BACKGROUND: MicroRNAs (miRNA) are 20 approximately 25 nucleotide non-coding RNAs that inhibit the translation of targeted mRNA, and they have been implicated in the development of human malignancies. High grade serous ovarian carcinomas, the most common and lethal subtype of ovarian cancer, can occur sporadically or in the setting of BRCA1/2 syndromes. Little is known regarding the miRNA expression profiles of high grade serous carcinoma in relation to BRCA1/2 status, and compared to normal tubal epithelium, the putative tissue of origin for high grade serous carcinomas. METHODOLOGY/PRINCIPAL FINDINGS: Global miRNA expression profiling was performed on a series of 33 high grade serous carcinomas, characterized with respect to BRCA1/2 status (mutation, epigenetic silencing with loss of expression or normal), and with clinical follow-up, together with 2 low grade serous carcinomas, 2 serous borderline tumors, and 3 normal fallopian tube samples, using miRNA microarrays (328 human miRNA). Unsupervised hierarchical clustering based on miRNA expression profiles showed no clear separation between the groups of carcinomas with different BRCA1/2 status. There were relatively few miRNAs that were differentially expressed between the genotypic subgroups. Comparison of 33 high grade serous carcinomas to 3 normal fallopian tube samples identified several dysregulated miRNAs (false discovery rate <5%), including miR-422b and miR-34c. Quantitative RT-PCR analysis performed on selected miRNAs confirmed the pattern of differential expression shown by microarray analysis. Prognostically, lower level miR-422b and miR-34c in high grade serous carcinomas were both associated with decreased disease-specific survival by Kaplan-Meier analysis (p<0.05). CONCLUSIONS/SIGNIFICANCE: High grade serous ovarian carcinomas with and without BRCA1/2 abnormalities demonstrate very similar miRNA expression profiles. High grade serous carcinomas as a group exhibit significant miRNA dysregulation in comparison to tubal epithelium and the levels of miR-34c and miR-422b appear to be prognostically important.
2008
Beck AH, Espinosa I, Gilks BC, van de Rijn M, West RB. The fibromatosis signature defines a robust stromal response in breast carcinoma. Lab Invest 2008;88(6):591-601.Abstract
Breast cancer is a heterogeneous disease, and the influence of stromal gene and protein expression patterns on the biological and clinical heterogeneity of the disease is poorly understood. We previously demonstrated that evaluation of the gene expression patterns of two soft-tissue tumors (desmoid-type fibromatosis (DTF) and solitary fibrous tumor) could be used to identify distinct stromal reaction patterns in breast carcinoma. In the current study, we examined four additional data sets obtained from four different institutions and containing gene expression data from a total of 561 breast cancer patients. We identified a core set of 66 DTF-associated genes that were consistently coordinately expressed in a subset of 25-35% of breast cancers. Breast carcinomas defined by high levels of coordinated expression of DTF core genes tend to be lower grade, express estrogen receptor, and show significantly longer survival across the four data sets. Using multiple tissue microarrays of archival breast cancer specimens obtained from a total of 745 patients, we demonstrated that a subset of breast cancers show coordinate expression of DTF core proteins by stromal cells in the tumor microenvironment. We evaluated the protein expression of a single DTF core protein (SPARC) on a tissue microarray with clinical outcome data and demonstrated that breast cancers with strong stromal protein expression of SPARC show a trend for increased survival. Our data demonstrate that the DTF core gene set is a robust descriptor of a distinct stromal response that is associated with improved clinical outcome in breast cancer patients.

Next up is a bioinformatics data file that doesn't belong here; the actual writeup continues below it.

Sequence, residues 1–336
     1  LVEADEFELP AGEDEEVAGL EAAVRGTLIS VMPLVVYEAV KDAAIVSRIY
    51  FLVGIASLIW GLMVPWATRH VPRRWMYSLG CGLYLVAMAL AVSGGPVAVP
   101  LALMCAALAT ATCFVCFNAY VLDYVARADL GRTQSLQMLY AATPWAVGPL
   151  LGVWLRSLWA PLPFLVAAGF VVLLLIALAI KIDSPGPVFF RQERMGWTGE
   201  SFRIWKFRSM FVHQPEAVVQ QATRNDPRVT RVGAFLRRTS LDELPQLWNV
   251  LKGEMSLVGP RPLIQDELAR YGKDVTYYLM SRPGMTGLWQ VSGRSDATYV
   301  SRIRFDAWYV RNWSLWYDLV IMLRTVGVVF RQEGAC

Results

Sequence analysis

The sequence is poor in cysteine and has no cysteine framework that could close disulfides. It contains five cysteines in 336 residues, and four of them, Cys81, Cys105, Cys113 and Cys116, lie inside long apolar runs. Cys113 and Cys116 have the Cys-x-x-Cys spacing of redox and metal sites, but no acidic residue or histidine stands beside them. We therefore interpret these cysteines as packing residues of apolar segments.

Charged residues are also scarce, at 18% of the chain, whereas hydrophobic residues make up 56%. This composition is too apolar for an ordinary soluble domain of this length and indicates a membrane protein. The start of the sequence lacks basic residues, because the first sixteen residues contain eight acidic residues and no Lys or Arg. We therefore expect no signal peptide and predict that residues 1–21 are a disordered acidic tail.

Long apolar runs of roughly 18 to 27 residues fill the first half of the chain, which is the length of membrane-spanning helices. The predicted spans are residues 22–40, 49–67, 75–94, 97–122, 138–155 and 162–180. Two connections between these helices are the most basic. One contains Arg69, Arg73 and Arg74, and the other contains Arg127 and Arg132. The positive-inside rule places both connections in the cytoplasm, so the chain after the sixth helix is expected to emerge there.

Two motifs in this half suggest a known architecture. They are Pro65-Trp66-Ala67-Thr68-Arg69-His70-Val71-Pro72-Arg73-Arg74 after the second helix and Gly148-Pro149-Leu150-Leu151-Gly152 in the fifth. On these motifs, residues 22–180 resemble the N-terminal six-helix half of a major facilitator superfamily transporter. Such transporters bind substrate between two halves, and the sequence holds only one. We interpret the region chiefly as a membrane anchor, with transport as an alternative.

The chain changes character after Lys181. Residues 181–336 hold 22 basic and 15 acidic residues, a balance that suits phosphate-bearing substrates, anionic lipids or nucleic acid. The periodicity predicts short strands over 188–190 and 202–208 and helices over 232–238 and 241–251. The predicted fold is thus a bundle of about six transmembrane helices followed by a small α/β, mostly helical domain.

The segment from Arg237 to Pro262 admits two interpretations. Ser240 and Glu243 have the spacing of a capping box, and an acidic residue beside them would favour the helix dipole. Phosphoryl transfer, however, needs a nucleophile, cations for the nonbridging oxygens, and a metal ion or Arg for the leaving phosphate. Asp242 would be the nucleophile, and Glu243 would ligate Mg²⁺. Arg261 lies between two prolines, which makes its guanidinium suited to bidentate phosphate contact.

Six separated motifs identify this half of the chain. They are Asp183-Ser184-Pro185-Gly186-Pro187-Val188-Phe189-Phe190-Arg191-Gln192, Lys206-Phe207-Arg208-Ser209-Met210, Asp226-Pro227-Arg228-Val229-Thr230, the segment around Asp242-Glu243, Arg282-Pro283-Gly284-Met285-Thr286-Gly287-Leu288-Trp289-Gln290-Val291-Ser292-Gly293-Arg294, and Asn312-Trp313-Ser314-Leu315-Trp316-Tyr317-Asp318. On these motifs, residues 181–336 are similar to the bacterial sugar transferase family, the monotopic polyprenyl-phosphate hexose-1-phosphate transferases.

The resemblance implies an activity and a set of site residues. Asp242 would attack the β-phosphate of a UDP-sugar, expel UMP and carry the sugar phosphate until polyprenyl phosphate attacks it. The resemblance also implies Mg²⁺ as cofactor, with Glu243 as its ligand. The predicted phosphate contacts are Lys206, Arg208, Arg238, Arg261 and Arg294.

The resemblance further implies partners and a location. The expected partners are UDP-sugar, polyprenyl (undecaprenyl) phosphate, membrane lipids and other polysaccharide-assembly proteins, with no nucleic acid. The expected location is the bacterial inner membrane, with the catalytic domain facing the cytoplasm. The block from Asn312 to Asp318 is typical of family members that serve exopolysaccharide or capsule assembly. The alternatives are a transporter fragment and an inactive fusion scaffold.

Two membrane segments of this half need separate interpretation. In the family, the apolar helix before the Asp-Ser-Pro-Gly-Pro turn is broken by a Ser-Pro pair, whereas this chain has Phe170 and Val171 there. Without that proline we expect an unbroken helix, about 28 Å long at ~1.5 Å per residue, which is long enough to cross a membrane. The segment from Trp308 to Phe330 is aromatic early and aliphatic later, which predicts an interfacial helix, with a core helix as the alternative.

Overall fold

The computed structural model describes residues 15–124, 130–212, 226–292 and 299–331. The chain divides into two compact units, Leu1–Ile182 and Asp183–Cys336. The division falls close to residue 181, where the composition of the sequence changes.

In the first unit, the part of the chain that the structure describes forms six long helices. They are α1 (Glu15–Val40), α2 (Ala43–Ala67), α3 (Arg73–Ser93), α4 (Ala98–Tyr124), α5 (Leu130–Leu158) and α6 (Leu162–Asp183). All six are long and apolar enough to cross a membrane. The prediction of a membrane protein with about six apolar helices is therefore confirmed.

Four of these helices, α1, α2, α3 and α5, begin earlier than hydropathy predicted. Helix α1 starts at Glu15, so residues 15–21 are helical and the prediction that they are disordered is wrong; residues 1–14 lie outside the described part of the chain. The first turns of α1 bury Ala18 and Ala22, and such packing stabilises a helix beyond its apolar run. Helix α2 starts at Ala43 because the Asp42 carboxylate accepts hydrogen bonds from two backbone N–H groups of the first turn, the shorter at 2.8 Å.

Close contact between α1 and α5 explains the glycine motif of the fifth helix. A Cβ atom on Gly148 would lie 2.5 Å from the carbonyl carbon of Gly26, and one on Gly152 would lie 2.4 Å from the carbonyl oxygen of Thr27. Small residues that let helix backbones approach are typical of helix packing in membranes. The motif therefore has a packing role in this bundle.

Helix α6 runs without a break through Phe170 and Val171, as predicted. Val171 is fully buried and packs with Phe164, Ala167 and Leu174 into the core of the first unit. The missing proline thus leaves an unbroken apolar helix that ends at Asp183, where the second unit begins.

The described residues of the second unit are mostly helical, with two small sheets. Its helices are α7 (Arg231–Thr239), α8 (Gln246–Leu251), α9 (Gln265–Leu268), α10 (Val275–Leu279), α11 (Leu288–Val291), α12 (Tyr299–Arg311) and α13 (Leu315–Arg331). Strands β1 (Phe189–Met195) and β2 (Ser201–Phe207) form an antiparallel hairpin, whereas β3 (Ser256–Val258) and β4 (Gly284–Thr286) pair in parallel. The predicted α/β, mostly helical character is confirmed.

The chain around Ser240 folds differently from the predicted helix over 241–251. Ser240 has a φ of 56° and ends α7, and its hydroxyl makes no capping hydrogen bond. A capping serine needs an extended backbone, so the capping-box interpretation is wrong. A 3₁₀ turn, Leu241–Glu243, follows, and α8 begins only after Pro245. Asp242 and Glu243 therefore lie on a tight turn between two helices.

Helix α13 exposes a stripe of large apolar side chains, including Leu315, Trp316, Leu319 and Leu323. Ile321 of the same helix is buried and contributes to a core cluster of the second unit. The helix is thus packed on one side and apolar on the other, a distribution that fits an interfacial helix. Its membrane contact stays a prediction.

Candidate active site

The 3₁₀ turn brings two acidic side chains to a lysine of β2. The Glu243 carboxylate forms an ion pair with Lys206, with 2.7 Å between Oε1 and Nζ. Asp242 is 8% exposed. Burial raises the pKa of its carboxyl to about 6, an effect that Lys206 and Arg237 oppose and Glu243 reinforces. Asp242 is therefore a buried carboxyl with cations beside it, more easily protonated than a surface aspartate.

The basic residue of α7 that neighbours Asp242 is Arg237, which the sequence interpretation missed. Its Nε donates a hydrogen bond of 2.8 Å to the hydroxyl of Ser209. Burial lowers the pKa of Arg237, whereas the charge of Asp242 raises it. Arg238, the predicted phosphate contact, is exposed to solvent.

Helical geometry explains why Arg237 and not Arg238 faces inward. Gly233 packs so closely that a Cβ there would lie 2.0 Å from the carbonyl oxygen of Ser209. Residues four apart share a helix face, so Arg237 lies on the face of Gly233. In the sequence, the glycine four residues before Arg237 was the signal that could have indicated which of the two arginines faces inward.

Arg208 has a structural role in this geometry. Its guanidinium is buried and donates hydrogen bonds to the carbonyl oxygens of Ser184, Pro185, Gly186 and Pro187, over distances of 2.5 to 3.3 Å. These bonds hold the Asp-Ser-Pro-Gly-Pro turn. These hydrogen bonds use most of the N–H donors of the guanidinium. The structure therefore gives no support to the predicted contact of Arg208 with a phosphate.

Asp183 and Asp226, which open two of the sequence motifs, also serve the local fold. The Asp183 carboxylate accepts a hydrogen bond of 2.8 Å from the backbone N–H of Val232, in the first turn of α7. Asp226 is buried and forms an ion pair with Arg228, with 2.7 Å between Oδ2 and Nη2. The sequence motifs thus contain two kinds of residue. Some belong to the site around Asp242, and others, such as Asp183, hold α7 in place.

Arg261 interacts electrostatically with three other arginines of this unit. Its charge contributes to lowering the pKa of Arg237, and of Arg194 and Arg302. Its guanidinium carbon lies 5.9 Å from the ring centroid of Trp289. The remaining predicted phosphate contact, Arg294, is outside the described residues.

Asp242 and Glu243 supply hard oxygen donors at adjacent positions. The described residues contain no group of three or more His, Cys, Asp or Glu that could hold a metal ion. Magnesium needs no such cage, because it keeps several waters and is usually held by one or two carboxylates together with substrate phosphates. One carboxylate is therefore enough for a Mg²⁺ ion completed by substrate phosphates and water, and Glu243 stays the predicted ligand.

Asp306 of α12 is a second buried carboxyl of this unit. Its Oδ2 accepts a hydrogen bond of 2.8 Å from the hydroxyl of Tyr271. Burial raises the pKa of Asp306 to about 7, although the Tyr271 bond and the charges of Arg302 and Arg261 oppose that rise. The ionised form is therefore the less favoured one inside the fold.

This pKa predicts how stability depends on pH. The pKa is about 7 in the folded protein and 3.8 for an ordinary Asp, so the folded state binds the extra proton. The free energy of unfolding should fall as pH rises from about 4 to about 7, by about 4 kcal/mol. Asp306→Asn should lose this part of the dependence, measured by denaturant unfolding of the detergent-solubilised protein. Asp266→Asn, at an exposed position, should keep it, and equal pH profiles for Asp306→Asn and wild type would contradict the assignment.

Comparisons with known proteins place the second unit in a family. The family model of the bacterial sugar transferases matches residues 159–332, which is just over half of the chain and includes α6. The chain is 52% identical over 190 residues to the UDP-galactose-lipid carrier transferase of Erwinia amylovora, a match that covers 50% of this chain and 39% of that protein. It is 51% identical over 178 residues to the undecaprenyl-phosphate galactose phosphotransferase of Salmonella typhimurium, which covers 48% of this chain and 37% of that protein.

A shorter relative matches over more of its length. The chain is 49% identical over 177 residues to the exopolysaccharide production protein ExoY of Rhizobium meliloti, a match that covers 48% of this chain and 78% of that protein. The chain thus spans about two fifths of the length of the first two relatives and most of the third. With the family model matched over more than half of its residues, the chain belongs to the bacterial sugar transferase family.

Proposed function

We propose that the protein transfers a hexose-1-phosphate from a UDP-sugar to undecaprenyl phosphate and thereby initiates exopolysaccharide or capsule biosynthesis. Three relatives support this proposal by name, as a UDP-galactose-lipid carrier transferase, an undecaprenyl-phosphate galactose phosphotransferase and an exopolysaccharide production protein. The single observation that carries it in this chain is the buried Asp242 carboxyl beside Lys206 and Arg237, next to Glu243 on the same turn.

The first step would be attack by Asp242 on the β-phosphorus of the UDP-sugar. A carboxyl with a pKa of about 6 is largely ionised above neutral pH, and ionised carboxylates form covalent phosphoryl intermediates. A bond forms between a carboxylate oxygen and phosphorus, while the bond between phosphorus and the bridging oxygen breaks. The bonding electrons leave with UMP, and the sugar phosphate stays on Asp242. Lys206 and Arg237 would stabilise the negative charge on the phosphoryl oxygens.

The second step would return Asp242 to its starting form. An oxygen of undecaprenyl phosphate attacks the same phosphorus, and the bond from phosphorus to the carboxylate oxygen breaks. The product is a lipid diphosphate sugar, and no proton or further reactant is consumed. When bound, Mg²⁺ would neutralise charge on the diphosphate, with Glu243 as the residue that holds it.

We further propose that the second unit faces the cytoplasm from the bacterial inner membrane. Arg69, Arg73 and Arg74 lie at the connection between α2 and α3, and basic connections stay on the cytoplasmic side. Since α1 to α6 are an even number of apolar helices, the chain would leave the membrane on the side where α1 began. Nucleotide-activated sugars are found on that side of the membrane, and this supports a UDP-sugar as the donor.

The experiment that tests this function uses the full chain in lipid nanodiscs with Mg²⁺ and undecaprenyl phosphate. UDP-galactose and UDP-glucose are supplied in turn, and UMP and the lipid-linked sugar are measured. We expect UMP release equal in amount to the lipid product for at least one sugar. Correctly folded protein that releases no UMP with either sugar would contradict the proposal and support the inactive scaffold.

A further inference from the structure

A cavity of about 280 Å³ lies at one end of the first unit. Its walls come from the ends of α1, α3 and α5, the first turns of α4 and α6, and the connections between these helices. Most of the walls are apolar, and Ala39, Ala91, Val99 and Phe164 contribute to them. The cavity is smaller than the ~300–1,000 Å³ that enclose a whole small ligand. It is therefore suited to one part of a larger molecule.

2006
Sabo E, Beck AH, Montgomery EA, Bhattacharya B, Meitner P, Wang JY, Resnick MB. Computerized morphometry as an aid in determining the grade of dysplasia and progression to adenocarcinoma in Barrett's esophagus. Lab Invest 2006;86(12):1261-71.Abstract
The aims of this study were to use computerized morphometry in order to differentiate between the degree of dysplasia and to predict progression to invasive adenocarcinoma in Barrett's esophagus (BE). Biopsies from 97 patients with BE graded by a consensus forum of expert gastrointestinal pathologists were available for morphometrical analysis. The study group included 36 biopsies negative for dysplasia (ND), none of which progressed to carcinoma; 16 indefinite for dysplasia (IND) and 21 low-grade dysplasia (LGD), of which three progressed in each group and 24 high-grade dysplasia (HGD), of which 15 progressed to invasive carcinoma. Computerized morphometry was used for measuring indices of size, shape, texture, symmetry and architectural distribution of the epithelial nuclei. Low-grade dysplasia was best differentiated from the ND group by nuclear pseudostratification (P=0.036), pleomorphism (P<0.01), and chromatin texture (margination, P<0.01) and from the HGD group by nuclear area (P<0.01), pleomorphism (P<0.01), chromatin texture (margination, P<0.01), symmetry (P<0.01), and orientation (P=0.027). These results were validated on a new set of cases (n=55) using a neural network model, resulting in an accuracy of 89% for differentiating between the ND and LGD groups and 86% for differentiating between the LGD and HGD groups. Within the HGD group, univariate significant predictors of the progression interval to carcinoma were: indices of nuclear texture (heterogeneity: P=0.0019, s.d.-OD: P=0.005) and orientation: P=0.022. Nuclear texture (heterogeneity) was the only independent predictor of progression (P=0.004, hazard=11.54) by Cox's multivariate test. This study proposes that computerized morphometry is a valid tool for determining the grade of dysplasia in BE. Moreover, histomorphometric quantification of nuclear texture is a powerful tool for predicting progression to invasive adenocarcinoma in patients with HGD.